Hazel directed several productions in a row at the Nuffield Theatre, including An Italian Straw Hat, Ten Times Table and Sitting Pretty; all light-hearted pieces. The writer of Sitting Pretty, Amy Rosenthal, daughter of Maureen Lipman, came to see it. She said it was better than her mother’s production, also at the Nuffield before it was taken to New York.
Hazel’s last production at the Studio was A Bunch of Amateurs, which sold out and played to rave reviews.

Helen Beever is played by Chris Baker
Chris Baker is a long-standing member of the company, having been involved with many productions both on and off stage; she is currently the treasurer and can usually be found running the box office. Chris is pleased to be appearing in this production.

Sue Dixon is played by Angela Stansbridge
Angie has been a member of Maskers since 1973 and has enjoyed playing a wide range of parts, most recently as a member of the Watch in Much Ado about Nothing. Other highlights have been: Twelfth Night, Don Quixote, Ten Times Table, The Comedy of Errors, A Midsummer Night’s Dream, Treasure Island and various Christmas shows. Angie is enjoying the challenge of playing Sue who has her hands full trying to keep everyone happy in this riotous comedy. Angie is currently Chair of Maskers so is also busy working with the committee on the smooth running and creativity of The Maskers.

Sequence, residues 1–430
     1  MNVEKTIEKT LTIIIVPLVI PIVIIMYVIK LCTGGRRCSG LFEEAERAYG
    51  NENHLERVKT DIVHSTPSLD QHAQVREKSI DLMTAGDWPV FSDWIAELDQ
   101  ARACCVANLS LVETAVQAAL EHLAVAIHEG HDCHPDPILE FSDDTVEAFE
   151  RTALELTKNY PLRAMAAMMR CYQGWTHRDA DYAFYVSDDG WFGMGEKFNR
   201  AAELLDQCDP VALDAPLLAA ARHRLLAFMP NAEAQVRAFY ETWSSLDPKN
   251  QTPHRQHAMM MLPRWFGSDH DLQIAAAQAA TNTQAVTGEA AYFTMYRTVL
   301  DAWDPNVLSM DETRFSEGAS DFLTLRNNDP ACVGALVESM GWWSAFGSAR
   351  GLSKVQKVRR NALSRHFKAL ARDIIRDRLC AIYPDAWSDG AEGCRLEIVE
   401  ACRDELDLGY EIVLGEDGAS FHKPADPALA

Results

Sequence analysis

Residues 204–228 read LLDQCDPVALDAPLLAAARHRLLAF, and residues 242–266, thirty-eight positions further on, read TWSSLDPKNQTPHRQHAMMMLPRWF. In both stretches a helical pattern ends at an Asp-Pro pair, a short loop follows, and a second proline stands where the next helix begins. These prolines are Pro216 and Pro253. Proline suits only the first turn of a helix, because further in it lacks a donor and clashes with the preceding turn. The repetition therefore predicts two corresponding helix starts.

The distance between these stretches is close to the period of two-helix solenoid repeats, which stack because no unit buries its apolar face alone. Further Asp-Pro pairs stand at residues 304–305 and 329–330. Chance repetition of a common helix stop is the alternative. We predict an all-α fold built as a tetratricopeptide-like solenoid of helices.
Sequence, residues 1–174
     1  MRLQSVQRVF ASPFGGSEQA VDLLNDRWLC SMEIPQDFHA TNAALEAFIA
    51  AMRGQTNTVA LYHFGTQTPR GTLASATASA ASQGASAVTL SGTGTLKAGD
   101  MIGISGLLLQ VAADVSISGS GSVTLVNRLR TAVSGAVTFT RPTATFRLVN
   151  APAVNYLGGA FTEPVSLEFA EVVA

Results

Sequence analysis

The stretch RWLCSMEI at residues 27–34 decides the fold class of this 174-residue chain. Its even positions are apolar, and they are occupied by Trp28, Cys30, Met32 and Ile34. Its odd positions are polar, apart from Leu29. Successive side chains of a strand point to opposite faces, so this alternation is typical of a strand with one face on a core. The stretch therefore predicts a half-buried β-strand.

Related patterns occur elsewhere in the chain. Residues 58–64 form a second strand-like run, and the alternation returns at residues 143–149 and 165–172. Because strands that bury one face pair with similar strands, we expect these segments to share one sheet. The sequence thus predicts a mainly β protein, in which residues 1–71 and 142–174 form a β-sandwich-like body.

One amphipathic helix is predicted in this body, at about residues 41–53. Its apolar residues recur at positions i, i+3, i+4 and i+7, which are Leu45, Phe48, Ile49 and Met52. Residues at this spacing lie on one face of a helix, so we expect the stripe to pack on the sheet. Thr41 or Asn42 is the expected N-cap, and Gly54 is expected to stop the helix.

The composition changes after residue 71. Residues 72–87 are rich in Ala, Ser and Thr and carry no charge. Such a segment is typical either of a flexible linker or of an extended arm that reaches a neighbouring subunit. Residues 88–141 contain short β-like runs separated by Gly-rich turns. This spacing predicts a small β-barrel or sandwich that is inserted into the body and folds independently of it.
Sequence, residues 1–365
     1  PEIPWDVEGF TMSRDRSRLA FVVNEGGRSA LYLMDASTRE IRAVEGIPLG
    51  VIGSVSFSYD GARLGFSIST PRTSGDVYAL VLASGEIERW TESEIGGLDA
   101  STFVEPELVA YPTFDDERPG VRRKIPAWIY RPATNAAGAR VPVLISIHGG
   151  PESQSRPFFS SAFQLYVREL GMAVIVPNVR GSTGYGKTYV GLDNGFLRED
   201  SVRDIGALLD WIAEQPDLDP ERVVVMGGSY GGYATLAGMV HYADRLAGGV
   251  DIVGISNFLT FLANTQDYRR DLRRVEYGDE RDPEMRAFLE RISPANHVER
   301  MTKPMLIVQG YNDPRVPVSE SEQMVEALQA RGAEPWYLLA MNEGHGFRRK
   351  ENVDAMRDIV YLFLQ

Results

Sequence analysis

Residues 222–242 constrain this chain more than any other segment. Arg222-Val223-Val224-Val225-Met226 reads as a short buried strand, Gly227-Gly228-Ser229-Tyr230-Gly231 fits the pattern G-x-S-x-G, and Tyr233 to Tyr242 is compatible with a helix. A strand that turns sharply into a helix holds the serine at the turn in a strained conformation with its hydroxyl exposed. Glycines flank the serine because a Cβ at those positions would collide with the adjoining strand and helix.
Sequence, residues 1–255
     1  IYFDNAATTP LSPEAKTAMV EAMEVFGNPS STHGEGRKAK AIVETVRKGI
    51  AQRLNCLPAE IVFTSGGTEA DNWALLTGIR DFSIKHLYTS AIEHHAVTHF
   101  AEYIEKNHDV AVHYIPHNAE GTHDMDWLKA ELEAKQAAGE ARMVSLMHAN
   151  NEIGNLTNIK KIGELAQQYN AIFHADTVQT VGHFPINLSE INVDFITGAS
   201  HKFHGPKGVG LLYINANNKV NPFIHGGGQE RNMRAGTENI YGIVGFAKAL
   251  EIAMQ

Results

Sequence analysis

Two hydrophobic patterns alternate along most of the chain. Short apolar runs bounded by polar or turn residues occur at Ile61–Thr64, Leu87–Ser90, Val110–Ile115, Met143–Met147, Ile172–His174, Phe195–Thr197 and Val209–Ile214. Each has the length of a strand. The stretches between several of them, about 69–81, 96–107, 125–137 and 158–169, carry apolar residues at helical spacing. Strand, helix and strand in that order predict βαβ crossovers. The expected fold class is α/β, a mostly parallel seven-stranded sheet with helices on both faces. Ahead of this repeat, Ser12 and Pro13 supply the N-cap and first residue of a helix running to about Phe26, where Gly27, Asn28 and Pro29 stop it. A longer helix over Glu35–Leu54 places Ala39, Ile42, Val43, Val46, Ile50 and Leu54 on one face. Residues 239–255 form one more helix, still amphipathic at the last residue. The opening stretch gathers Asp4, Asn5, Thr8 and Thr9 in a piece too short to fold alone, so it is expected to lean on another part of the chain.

Evonne Duckworth is played by Sue Dashper
During Sue’s time in Maskers, she has been involved in many productions including: Contractions and Metamophosis in the Studio and Sitting Pretty and An Italian Straw Hat at the Nuffield theatre. Sue particularly enjoys the open-air productions and was last seen as part of The Watch in Much Ado About Nothing. Previous outdoor performances were in Don Quixote, Around the World in Eighty Days, The Jungle Book, Anne Boleyn, Treasure Island and Twelfth Night.

Kath Enfield is played by Marie McDade
Marie has been a Masker since 2011 and has appeared in a wide range of productions at the Studio, the Nuffield Theatre and outdoors. Her last role was as Dogberry in Much Ado About Nothing at Townhill Park House this summer. Marie has played many parts from Shakespearian Midsummer fairy to Kipling’s jungle Panther and assorted eccentric sea captains travelling Around the World in 80 Days, The Angel Gabriel in The Flint Street Nativity, Granny Weatherwax in Wyrd Sisters and Lauren Bell in A Bunch of Amateurs.